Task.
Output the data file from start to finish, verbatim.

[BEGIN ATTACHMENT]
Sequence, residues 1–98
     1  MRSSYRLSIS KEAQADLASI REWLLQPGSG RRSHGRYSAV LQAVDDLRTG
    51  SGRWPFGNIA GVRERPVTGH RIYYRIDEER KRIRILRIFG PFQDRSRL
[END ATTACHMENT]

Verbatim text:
Sequence, residues 1–98
     1  MRSSYRLSIS KEAQADLASI REWLLQPGSG RRSHGRYSAV LQAVDDLRTG
    51  SGRWPFGNIA GVRERPVTGH RIYYRIDEER KRIRILRIFG PFQDRSRL